I often sit on my sofa and hum tunes that I made up in my head. While doing that, I also imagine that my automatically gets converted to a beautiful musical piece. Google‘s new machine learning algorithm experiment, Tone Transfer, makes that fantasy come true — at least to an extent.
The idea is simple. Go to the Tone Transfer site from your Android phone or desktop (Windows or Mac), select “Add your own,” and record your 15-second hum or tune. You can use your voice, tap on your table, or play an actual instrument. Google’s machine learning algorithm will convert that tune into a digital signal, and then you can convert it into a tune with Flute, Saxophone, Violin, or Trumpet.
Now, the quality of output will depend on your mic and background noise while you’re recording. So, it might take a few tries for you to get a good recording. But, it’s a super fun tool and you won’t mind trying out new recordings.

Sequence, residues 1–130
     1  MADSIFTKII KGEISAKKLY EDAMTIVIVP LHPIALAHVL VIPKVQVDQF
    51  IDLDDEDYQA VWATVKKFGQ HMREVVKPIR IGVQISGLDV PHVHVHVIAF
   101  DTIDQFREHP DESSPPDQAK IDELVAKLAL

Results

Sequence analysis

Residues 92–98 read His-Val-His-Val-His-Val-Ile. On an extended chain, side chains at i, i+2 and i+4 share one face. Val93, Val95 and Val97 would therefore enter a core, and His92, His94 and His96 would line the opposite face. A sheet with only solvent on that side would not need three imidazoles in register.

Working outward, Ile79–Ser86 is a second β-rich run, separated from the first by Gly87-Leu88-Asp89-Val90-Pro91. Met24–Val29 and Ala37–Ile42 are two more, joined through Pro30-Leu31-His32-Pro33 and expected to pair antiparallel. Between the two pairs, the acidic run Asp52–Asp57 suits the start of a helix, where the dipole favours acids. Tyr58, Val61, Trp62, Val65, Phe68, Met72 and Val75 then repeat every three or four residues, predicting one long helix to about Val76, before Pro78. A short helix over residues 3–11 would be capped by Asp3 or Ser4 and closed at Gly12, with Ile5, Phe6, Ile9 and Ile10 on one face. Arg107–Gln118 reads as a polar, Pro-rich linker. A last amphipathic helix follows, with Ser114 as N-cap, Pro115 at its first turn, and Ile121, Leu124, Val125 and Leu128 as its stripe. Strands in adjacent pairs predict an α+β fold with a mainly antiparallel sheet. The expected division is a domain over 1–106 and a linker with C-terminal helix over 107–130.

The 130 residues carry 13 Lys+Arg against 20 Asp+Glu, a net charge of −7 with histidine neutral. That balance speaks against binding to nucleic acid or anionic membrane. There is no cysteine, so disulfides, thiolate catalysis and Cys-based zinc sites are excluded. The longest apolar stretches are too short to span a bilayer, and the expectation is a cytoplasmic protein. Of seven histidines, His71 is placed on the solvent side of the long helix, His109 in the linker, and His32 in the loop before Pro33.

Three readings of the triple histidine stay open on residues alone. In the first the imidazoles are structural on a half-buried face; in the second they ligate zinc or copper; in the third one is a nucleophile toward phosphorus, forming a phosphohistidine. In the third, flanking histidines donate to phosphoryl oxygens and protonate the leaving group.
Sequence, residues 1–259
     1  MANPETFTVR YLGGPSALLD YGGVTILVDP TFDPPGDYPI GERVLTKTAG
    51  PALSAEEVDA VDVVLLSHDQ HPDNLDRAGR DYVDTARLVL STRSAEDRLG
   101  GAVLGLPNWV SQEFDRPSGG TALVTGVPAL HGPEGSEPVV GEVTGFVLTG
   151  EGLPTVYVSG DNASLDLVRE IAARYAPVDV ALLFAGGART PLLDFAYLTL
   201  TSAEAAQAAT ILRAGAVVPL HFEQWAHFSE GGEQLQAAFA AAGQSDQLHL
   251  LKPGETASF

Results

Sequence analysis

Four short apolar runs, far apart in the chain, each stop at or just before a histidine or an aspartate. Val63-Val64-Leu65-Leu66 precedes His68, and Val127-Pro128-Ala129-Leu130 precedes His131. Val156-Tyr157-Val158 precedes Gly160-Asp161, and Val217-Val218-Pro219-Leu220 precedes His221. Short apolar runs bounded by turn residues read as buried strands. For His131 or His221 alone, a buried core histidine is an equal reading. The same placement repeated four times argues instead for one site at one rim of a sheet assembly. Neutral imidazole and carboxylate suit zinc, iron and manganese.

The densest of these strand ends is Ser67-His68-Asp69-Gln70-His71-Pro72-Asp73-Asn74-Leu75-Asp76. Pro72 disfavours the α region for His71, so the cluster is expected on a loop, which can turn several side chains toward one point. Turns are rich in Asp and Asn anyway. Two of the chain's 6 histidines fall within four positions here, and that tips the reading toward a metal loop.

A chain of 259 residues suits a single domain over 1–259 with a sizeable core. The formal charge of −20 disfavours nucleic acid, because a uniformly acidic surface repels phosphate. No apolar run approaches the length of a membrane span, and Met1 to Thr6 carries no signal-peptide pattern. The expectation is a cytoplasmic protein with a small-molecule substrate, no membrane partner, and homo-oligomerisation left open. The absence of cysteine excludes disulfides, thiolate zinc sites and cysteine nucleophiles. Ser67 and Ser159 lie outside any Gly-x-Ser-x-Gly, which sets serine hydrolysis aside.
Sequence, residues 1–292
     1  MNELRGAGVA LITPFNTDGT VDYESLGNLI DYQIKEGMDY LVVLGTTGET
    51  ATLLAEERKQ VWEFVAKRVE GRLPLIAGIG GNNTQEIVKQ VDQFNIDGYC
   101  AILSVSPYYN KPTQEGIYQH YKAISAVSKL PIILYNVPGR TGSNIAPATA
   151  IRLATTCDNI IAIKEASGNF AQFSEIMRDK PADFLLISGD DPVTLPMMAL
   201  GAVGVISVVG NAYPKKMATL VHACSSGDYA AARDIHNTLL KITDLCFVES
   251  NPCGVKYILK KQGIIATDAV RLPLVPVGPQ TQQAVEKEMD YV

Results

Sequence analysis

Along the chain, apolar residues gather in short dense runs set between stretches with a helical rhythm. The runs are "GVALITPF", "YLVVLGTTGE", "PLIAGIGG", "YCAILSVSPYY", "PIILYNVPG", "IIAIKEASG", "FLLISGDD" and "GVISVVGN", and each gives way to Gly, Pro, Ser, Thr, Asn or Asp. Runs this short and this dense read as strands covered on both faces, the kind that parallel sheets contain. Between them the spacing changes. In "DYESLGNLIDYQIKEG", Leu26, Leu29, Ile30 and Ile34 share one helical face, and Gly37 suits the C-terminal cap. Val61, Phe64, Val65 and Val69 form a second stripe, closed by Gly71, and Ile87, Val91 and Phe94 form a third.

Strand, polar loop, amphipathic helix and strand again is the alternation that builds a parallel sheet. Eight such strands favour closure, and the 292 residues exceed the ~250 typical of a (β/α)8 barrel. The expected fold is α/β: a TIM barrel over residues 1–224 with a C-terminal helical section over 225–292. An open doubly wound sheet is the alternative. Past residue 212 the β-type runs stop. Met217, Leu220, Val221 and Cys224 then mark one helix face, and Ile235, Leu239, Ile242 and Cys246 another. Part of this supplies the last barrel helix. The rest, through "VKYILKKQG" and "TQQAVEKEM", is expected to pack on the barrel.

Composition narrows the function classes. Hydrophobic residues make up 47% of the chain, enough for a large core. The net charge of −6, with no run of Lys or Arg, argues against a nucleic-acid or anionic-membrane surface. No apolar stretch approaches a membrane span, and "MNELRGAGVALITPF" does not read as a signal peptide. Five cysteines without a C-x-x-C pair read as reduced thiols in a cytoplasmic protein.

My colleague Abhimanyu tried to record a guitar solo, but the algorithm turned the noise of the pick hitting the strings into high pitched notes.
Google’s Magenta AI team, which builds open source technologies to explore the use of machine learning in art, built called ‘Differentiable Digital Signal Processing (DDSP)’ library to make this tool possible. As explained in this blog post, if you control certain parameters of Digital Signal Processors (DSP), you will be able to produce natural sounds of instruments. With DDSP, the tool uses a neural network to convert user audio input into a DSP; that in turn opens it up for conversion to many instruments.
With the DDSP library, Google’s team can train audio synthesis models with fewer parameters and less data. These models help tools such as Tone Transfer create high-quality audio from user input.
Even if you’re not fascinated by the technology, you might be inspired to create a song just by your voice using this tool.
You can check out the paper related to DDSP here and try out the tool here